United Nations Framework on Climate Change (UNFCC) organized the twenty second Conference of Parties (COP 22) in Marrakech Morocco between 7th and 18th November, 2016.Actually, several conferences were merged in one: the first Conference of Parties serving as the meeting of the Parties to the Paris Agreement (CMAI); the 12th Conference of the Parties serving as the meeting of the parties to the Kyoto Protocol (CMP12);the 45th sessions of the Subsidiary Body for implementation (SBI45) and the Subsidiary Body for Scientific and Technological advise (SBSTA 45) and the second meeting of the first session of the Ad Hoc working group on the Paris Agreement (APA 1-2). During the opening ceremony on 7th November, 2016 the following issues were highlighted: That;
- One hundred (100) countries had ratified the Paris agreement.
- Combating climate change impact required heroines (like the late Prof. Wangari Maathai) – combative, courageous, determined, persistent and willing to rise to the highest moral ground.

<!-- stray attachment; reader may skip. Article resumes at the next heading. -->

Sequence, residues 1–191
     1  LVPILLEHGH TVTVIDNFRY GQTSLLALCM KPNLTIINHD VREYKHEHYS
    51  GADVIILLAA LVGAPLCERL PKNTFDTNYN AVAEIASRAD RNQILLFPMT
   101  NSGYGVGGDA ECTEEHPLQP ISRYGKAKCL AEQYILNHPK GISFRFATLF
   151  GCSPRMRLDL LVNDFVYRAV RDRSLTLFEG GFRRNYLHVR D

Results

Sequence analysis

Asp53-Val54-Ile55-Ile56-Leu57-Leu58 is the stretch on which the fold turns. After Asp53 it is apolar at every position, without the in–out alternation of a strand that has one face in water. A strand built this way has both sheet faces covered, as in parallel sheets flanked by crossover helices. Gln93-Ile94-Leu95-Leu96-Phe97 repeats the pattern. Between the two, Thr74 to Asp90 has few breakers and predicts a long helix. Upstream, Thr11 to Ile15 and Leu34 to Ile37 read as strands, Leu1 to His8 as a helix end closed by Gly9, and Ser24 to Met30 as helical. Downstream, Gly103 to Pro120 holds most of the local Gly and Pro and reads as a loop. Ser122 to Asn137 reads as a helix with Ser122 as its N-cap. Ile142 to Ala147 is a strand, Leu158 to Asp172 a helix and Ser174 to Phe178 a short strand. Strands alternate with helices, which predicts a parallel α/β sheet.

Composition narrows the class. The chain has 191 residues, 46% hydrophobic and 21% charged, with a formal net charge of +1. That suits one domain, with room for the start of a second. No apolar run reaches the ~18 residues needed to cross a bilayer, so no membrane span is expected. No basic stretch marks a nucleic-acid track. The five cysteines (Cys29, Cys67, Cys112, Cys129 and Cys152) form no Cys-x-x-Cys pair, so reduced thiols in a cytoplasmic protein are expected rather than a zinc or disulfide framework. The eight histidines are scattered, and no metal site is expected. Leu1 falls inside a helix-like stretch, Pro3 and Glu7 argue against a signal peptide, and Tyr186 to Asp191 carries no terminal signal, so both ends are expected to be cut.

- Addressing climate change is about sustainable development.
- Climate change affects the most vulnerable population and
- The conferences was about consolidating support for action.
Some of the challenges to addressing climate change that were identified included: That:
- There was need to work with speed to meet obligations under the Paris Agreement;
- Ensure adequate Finances pointing out that the current flow of funds was not enough and was not consistent;
- There was need to complete Nationally Determined Contributions (NDC)and policies to support their implementation.
- There is need to align Nationally Determined Contributions (NDC) with National Priorities.
- Capacity development is needed especially in developing countries.